The Complainant submits that the disputed domain name is identical or confusingly similar to trademarks in which it has rights. The Complainant submits that it has used the ACCUTANE and ROACCUTANE trademark in the United States since 1970 and has expended significant time and resources in promoting its goodwill. The disputed domain name <justaccutane.com> consists of the ACCUTANE trademark, preceded by the term “just” and the mere addition of such descritpive term “just” would not prevent a likelihood of confusion on Internet users.
The Complainant also submits that the Respondent has no rights or legitimate interests in the disputed domain name. “Roaccutane” and “Accutane” are fanciful terms which have no meaning and have no valid use other than in connection with the Complainant's brands of isotretinoin acne medication. The Complainant has not authorized the Respondent to use the mark ACCUTANE or to incorporate the ACCUTANE portion of the ROACCUTANE trademark into any domain name. Furthermore, the Complainant has never granted the Respondent a license to use the mark ACCUTANE or the “Accutane” portion of the ROACCUTANE trademark in any manner. The Respondent's use of the disputed domain name indicates that the Respondent’s domain name was selected and is being used because of the goodwill created by the Complainant in its ROACCUTANE and ACCUTANE trademarks. Based upon the Respondent's web site, it is clear that neither the Respondent nor its web site has been commonly known by the disputed domain name pursuant to the Policy, paragraph 4(c)(ii).
The Complainant also argues that the Respondent is not therefore using the domain name to make a bona fide offering of goods or services or making a fair, noncommercial use of it. The Respondent is using the disputed domain name to divert Internet users seeking the Complainant's group web site associated with the domain name <accutane.com> or the ACCUTANE dermatological preparation product(s) to an unrelated web site which uses the ACCUTANE and ROACCUTANE marks without license or authorization of any kind to promote the sale of pharmaceutical products.
Finally, the Complainant submits that the Respondent registered and is using the disputed domain name in bad faith. The Complainant submits that the Respondent's true purpose in registering the disputed domain name which incorporates the mark ACCUTANE in its entirety, so similar to the ROACCUTANE mark, is to capitalize on the reputation of the ACCUTANE mark by diverting Internet users to Respondent's web site, without any permission from Complainant, to solicit orders of ACCUTANE, and to actually sell ROACCUTANE and/or ACCUTANE. The bad faith of the Respondent is clearly evident from the fact that “accutane” is not a word but an invented and coined mark that has an extremely strong reputation in North America. Furthermore by using the disputed domain name to sell ROACCUTANE and/or ACCUTANE, without permission or license of any kind, under the ACCUTANE trademark in a domain name and on the Respondent’s web site, the Respondent has intentionally attempted to attract for financial gain Internet users to the Respondent's web site by creating a likelihood of confusion with the ACCUTANE mark, and the nearly identical ROACCUTANE mark, as to the source, sponsorship, affiliation or endorsement of the Respondent's web site or the goods sold on or through the Respondent's web site. The Complainant concludes that use of the disputed domain name to promote sales of ACCUTANE and/or ROACCUTANE through use of the famous ACCUTANE mark, so similar to the ROACCUTANE mark, demonstrates bad faith use.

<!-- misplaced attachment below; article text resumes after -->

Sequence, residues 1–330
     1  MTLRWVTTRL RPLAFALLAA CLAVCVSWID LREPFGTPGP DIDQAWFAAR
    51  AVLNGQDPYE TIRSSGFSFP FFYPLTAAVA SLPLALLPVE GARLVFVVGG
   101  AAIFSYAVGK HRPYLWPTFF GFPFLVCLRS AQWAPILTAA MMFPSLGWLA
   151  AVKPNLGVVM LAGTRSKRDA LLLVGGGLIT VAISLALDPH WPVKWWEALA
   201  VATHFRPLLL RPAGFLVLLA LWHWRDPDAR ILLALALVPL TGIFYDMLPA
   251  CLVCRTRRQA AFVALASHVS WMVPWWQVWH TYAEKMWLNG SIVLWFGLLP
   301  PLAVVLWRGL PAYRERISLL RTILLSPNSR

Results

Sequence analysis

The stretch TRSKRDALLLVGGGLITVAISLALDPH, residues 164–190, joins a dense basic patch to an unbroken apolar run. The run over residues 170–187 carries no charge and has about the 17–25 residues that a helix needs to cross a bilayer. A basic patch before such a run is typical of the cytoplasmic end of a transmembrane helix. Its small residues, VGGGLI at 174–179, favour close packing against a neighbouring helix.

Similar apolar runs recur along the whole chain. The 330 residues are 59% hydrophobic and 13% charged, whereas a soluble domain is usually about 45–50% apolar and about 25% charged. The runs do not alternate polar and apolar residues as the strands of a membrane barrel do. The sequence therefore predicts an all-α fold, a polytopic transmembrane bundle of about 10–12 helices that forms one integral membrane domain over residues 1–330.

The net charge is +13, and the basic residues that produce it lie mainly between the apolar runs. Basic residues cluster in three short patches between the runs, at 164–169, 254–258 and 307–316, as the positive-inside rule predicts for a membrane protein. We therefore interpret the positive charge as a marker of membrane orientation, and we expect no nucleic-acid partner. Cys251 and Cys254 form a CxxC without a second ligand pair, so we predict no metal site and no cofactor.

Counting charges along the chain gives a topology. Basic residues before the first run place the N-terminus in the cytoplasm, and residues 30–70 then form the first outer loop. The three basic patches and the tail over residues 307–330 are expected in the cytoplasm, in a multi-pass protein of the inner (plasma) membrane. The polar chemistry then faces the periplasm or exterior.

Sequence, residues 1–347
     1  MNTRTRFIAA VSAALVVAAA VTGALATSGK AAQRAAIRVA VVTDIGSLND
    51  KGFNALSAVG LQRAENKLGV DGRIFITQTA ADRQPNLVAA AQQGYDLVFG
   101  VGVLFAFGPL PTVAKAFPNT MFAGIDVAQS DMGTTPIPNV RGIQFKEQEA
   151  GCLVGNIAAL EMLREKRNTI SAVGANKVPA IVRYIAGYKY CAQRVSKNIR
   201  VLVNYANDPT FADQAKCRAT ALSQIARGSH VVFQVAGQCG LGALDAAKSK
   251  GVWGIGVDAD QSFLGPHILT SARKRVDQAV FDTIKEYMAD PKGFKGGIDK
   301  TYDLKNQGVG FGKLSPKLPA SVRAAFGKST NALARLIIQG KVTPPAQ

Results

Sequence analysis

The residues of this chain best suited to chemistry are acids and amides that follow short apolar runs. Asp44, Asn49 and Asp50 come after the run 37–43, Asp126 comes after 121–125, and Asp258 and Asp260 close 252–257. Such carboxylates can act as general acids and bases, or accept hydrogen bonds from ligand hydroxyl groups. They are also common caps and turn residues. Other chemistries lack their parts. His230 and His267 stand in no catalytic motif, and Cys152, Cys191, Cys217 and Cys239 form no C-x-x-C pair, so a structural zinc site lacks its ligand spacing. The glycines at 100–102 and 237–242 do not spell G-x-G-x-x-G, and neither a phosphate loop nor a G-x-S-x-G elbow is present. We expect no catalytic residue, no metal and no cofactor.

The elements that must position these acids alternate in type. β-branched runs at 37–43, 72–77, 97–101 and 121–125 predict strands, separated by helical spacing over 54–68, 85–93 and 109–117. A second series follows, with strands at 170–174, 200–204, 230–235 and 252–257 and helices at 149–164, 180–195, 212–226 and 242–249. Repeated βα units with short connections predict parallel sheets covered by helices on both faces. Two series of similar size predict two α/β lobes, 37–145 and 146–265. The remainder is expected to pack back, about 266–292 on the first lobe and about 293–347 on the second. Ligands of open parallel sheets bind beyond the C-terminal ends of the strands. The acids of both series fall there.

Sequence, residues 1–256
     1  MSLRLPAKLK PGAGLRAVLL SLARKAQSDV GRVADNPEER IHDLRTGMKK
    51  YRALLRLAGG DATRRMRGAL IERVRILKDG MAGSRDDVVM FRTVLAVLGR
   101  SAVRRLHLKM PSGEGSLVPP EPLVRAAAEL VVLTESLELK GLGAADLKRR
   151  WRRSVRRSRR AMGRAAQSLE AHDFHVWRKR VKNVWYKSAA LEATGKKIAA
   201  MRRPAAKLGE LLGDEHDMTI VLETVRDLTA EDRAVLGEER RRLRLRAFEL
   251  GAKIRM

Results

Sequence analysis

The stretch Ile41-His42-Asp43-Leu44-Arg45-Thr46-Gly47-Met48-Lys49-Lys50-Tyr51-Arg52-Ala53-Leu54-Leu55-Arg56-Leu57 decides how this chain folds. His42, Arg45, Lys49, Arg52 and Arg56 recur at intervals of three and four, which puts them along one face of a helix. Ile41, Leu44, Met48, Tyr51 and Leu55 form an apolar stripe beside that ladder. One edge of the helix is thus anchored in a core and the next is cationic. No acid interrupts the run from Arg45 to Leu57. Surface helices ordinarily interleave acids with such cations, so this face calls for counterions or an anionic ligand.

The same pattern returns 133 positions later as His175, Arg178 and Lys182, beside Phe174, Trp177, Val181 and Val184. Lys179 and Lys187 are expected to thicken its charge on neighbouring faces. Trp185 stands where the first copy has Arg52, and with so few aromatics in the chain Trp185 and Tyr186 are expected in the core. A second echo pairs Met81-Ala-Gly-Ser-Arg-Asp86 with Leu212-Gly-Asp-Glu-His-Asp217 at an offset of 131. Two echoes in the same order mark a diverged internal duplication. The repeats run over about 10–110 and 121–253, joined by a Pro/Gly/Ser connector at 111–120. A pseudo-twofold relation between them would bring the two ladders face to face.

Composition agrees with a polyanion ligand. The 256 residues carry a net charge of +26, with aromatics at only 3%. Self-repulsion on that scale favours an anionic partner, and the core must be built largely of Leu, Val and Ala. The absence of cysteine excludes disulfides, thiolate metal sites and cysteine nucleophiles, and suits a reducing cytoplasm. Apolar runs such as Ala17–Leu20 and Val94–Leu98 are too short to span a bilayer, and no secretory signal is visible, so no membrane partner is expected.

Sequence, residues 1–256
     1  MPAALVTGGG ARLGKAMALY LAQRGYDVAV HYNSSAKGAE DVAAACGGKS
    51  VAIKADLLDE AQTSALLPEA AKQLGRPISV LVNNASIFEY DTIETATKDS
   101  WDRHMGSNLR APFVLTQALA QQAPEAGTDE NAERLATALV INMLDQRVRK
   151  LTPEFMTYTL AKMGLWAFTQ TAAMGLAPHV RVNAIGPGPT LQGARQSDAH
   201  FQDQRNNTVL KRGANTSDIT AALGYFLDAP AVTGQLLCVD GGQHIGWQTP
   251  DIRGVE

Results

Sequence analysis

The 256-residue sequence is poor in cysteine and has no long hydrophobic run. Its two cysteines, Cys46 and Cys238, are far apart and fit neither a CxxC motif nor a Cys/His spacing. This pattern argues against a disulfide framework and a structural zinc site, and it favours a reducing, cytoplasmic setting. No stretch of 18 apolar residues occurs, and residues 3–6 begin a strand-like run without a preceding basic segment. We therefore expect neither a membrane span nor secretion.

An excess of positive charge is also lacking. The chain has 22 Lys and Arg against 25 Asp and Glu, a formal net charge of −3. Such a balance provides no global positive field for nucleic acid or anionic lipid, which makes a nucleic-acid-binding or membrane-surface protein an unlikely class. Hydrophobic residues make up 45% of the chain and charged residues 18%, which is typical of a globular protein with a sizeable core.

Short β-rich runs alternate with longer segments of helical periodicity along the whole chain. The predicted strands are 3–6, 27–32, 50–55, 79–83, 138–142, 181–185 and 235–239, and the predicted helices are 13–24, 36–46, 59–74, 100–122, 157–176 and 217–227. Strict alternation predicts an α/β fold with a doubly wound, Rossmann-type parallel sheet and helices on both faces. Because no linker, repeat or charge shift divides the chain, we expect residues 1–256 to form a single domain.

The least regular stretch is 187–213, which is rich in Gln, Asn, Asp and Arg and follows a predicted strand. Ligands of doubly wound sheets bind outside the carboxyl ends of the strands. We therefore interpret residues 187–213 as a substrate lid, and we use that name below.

The Respondent did not reply to the Complainant’s contentions.
6. Discussion and Findings
The Complainant has the burden of showing that all of the elements enumerated in paragraph 4(a) of the Policy have been satisfied:
(i) the disputed domain name is identical or confusingly similar to a trade mark or service mark in which the Complainant has rights; and
(ii) the Respondent has no rights or legitimate interests in respect of the disputed domain name; and
(iii) the disputed domain name has been registered and is being used in bad faith.
In the Panel's view, the Complainant has met its burden in the circumstances of this case, for the reasons set out below.
A. Identical or Confusingly Similar
This Panel agrees with the Complainant 's view that a user of a mark may not avoid likely confusion by appropriating another's entire mark and adding descriptive or non-distinctive matter to it. This is the more true when the earlier mark has an inherent high degree of distinctiveness being a fanciful artificially coined word with no meaning whatsoever like ACCUTANE is. Here, the Respondent’s domain name incorporates the whole of the ACCUTANE mark and adds the term “just” and similarly to what was held in earlier panel decisions, it is the Panel's view that the addition of a descriptive term like “just” does not prevent the likelihood of confusion in this case. See America Online, Inc. v. Anson Chan, WIPO Case No. D2001-0004.
B. Rights or Legitimate Interests
The Complainant is required to proffer a prima facie case that the Respondent lacks rights or interests in the disputed domain name. The burden then shifts to the Respondent to demonstrate the existence of such rights or interests: see the WIPO Overview of WIPO Panel Views on Selected UDRP Questions, paragraph 2.1 and cases cited therein.